Losers resort to post-election violence


POST-ELECTION violence is becoming one of the common features defining the reaction to electoral defeat by some opposition parties in Africa.
Last week, the violence that erupted in Harare was a clear sign that Zimbabwe has not been spared from this scourge of post-election violence.
The MDC Alliance, which had, prior to the July 30 2018 election, threatened to make the country ungovernable if it lost the polls, lived up to its threats. 
Twenty-six MDC Alliance supporters were arrested following the ugly violence, which left six people dead and several others injured.
Rowdy and visibly drunk, MDC Alliance supporters went on a rampage, burning vehicles, tyres, vandalising property and stoning security forces.
Chanting: “Zvikaramba tinoita zvenharo” (If we fail we will do it by force), impatient MDC Alliance supporters marched to the Zimbabwe Electoral Commission (ZEC) offices demanding the electoral commission to announce their president as the winner of the polls.
Events that occurred in Harare are not unique to Zimbabwe.
Countries such as Kenya (2007/2017), Gabon (2016), Ethiopia (2005), Cote d’Ivoire (2010) and Nigeria (2011) have witnessed widespread and intense violence surrounding elections.
In August 2017, the world’s attention was drawn to Kenyan elections that saw Uhuru Kenyatta winning by 54 percent while his main opponent, and leader of the opposition Raila Odinga refused to accept the results.
Despite losing, Odinga’s supporters resorted to using violence as a desperate measure for their leader to obtain influence in the country’s politics.
In 2017, supporters of Odinga burnt tyres, smashed shacks, blocked roads and threw stones at police, yelling: “No Raila, no peace!”
Kenya’s 2007 presidential elections saw a similar dispute: The chairman of the election commission declared incumbent Mwai Kibaki the winner.
In the weeks that followed, more than 1 000 Kenyans died in the most violent post-election period in the country’s history.
It seems it has become a norm for some opposition parties in African politics to resort to violence after losing elections.
In April 2011, following its presidential elections, Nigeria was rocked by deadly election-related and communal violence which left more than 800 people dead.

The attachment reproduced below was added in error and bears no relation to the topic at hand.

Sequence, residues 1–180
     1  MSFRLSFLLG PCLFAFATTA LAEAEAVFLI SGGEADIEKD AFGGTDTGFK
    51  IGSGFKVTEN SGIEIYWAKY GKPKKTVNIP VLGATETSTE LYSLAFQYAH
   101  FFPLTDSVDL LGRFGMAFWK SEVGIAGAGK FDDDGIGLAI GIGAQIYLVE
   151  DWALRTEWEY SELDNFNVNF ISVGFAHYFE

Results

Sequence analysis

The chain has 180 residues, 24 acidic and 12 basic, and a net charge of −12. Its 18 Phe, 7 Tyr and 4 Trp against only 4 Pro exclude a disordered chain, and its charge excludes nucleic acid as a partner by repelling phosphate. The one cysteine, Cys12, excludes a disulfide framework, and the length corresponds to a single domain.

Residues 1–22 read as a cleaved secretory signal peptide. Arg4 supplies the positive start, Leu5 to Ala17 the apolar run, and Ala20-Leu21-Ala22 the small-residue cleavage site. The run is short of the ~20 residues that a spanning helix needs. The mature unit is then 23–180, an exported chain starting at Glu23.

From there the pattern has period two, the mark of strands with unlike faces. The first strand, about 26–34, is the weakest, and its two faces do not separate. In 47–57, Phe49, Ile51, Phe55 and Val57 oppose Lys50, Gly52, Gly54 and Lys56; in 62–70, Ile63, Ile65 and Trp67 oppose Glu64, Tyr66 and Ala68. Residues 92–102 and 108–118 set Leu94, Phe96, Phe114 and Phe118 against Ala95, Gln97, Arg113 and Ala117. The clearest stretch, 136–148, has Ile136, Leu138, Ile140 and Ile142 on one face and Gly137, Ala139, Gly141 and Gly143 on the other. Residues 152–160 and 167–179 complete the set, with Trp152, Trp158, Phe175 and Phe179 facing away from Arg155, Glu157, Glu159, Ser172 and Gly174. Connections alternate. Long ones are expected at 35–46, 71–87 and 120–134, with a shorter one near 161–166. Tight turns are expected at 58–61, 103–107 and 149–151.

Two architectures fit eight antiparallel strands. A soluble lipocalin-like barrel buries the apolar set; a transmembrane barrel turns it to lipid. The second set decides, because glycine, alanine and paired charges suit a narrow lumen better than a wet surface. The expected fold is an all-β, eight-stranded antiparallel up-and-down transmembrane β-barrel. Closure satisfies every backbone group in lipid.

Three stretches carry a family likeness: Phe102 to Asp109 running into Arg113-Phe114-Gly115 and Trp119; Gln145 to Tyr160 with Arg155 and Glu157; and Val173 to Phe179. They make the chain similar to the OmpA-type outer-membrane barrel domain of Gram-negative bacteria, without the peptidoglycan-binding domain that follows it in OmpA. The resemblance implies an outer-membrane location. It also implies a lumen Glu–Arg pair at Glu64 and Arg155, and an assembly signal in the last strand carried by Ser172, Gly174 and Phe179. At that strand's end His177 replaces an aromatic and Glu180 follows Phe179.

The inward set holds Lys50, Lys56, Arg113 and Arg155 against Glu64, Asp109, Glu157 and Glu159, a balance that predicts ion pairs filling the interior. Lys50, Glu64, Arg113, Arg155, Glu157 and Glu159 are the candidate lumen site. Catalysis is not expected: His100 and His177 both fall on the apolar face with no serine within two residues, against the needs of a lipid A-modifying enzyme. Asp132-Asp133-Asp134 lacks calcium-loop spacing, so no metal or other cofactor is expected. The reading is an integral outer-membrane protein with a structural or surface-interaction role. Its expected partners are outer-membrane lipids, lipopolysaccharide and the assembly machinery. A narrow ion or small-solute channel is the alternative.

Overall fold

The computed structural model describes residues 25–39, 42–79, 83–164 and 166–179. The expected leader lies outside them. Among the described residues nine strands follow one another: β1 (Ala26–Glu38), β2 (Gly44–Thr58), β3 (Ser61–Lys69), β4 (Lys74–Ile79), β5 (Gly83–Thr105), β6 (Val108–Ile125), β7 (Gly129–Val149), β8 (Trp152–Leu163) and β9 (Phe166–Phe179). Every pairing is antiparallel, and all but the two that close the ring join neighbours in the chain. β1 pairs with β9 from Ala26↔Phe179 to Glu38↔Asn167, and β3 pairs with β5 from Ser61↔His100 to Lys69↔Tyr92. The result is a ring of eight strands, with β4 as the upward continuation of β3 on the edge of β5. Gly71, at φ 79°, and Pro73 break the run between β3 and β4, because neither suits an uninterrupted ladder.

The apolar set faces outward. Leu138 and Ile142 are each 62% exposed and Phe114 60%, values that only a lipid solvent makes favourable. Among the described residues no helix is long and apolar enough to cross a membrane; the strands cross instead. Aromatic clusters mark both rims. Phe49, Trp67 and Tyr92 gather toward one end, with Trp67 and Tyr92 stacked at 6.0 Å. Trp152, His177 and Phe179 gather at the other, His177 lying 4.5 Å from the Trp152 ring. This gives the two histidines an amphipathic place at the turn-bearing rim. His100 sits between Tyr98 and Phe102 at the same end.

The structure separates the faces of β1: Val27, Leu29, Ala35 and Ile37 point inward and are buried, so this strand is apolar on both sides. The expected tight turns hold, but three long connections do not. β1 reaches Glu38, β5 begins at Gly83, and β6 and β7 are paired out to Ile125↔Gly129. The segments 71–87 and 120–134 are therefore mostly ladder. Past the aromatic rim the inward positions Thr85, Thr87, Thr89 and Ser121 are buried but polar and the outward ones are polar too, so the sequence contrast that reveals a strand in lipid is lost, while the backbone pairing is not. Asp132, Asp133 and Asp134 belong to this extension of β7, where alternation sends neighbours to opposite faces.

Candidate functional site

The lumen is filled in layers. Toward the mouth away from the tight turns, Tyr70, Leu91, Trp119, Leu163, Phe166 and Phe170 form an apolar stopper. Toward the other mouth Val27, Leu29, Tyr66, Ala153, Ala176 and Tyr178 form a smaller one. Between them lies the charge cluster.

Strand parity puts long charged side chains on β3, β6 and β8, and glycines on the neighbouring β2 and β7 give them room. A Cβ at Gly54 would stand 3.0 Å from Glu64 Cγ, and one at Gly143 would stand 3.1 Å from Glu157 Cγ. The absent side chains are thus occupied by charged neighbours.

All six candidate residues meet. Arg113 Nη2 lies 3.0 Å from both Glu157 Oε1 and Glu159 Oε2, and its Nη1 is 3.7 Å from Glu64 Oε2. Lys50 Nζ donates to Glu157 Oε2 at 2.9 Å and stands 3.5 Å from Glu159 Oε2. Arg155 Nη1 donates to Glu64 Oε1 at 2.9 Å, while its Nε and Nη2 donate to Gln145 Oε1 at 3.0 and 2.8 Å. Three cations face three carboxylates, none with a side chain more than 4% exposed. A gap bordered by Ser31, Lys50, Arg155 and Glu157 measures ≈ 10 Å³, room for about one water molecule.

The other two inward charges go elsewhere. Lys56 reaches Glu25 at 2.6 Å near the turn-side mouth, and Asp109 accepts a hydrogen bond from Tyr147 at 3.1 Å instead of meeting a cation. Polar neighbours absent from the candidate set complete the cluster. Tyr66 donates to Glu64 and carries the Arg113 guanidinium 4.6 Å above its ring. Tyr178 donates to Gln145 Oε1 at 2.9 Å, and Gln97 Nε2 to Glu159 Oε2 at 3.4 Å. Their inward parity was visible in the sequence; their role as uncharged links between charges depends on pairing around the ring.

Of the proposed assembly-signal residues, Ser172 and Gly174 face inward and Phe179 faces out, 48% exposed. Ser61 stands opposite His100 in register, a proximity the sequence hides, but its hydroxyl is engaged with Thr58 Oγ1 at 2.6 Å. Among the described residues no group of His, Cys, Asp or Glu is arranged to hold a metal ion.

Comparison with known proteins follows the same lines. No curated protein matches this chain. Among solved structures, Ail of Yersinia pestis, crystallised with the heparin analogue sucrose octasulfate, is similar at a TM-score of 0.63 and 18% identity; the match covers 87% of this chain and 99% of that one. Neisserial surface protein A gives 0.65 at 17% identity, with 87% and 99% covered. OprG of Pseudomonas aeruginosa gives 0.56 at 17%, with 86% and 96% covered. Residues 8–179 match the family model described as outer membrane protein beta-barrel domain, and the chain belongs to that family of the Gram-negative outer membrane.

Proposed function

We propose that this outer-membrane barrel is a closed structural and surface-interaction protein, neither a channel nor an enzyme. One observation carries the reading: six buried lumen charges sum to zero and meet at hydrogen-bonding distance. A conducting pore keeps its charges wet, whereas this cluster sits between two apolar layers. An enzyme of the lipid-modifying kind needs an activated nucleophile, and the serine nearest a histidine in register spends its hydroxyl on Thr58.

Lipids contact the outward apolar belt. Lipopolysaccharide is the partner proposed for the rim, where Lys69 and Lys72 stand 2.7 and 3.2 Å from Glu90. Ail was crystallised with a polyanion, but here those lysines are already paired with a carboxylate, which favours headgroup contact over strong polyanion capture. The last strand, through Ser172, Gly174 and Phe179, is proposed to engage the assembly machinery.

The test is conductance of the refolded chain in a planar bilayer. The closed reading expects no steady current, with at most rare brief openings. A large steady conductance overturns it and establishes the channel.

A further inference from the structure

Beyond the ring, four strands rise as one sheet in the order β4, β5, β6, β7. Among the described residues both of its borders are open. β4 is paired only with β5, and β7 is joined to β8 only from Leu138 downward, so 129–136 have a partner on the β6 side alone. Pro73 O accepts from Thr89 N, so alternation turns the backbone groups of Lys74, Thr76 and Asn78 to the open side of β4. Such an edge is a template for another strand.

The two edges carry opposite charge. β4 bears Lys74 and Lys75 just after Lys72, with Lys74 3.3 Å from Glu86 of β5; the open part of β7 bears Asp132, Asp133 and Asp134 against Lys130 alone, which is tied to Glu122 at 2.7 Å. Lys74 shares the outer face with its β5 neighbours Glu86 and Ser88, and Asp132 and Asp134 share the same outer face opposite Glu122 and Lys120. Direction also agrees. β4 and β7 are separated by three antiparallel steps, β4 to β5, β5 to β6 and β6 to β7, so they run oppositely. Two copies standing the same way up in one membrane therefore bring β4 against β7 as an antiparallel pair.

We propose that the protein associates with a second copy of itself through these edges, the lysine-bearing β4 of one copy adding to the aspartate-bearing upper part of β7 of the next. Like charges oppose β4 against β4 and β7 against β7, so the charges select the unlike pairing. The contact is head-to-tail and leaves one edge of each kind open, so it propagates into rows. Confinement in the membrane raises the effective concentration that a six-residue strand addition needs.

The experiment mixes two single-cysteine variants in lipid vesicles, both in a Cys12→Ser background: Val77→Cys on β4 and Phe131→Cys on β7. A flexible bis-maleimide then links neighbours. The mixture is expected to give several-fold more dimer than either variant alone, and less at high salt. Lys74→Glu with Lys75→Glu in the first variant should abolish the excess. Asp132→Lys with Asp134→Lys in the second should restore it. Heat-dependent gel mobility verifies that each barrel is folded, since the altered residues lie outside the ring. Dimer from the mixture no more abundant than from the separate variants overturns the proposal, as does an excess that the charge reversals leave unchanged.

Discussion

The violence began with widespread protests by supporters of the main opposition candidate, Muhammadu Buhari, a northern Muslim from the Congress for Progressive Change, following the re-election of incumbent Goodluck Jonathan, a Christian from the Niger Delta in the south, who was the candidate for the ruling People’s Democratic Party.
The protests degenerated into violent riots or sectarian killings in the northern states of Adamawa, Bauchi, Borno, Gombe, Jigawa, Kaduna, Kano, Katsina, Niger, Sokoto, Yobe and Zamfara.
In Ethiopia in 2005, the opposition cried foul over vote fraud and led protesters into the streets of the capital Addis Ababa that left more than 82 people dead.
In 2016, Jean Ping, the opposition presidential candidate in Gabon, lost to incumbent President Ali Bongo Ondimba.
Ping disputed the election outcome, declared himself the winner and called for mass action.Three people died while many more were injured after crowds tried to storm the offices of the electoral commission in Libreville, shortly after authorities announced Bongo’s re-election by a narrow majority.
Protesters had set fire to part of Gabon’s Parliament building. 
But not all disputed elections lead to violence.
Opposition politicians disputed the outcomes of presidential elections in Zambia and Uganda in 2016, Angola in 2017 and Ghana in 2012, but none of these countries experienced significant violence after the elections.
Instead, the losers filed election petitions in court to challenge the outcome.
One would describe the violence that the MDC Alliance initiated as a desperate measure to fenestrate the country’s politics as a partner in Government.
But President-elect Emmerson Dambudzo Mnangagwa has since ruled out the possibility of a Government of National Unity (GNU). 
With two thirds majority in Parliament, there is no doubt ZANU PF will continue to call the shots in Zimbabwean politics.
Faced by this reality, MDC Alliance is aware their space in the country’s politics can only be as the opposition.  
MDC Alliance leader Chamisa is on record saying he will not accept election results if they go against his victory.
After losing opposition parties that include Odinga’s and MDC Alliance often use brutal perpetrators of election violence. 
They resort to violence and protests as a way to coerce the international community to jump in and initiate dialogue between the ruling party and the opposition.
Usually, it is fear of losing an election that serves as a focal point for collective action and post-electoral violence by some opposition parties.
Both Chamisa and his colleague Tendai Biti are on record saying they would not accept results that did not pronounce them as winners.
Such statements by the MDC Alliance show how the opposition induces and manipulates its supporters to use violence when victory does not favour them.
Commenting on Zimbabwe’s recent elections on one of South Africa’s television stations, Julius Malema, leader of South African opposition Economic Freedom Fighters (EFF), said political parties  should  learn to desist from violence and  learn to accept democratic outcomes. 
“Let us learn to accept democratic outcomes, violence in Africa can never be a solution,” he said.
“We must be dignified even in defeat.”


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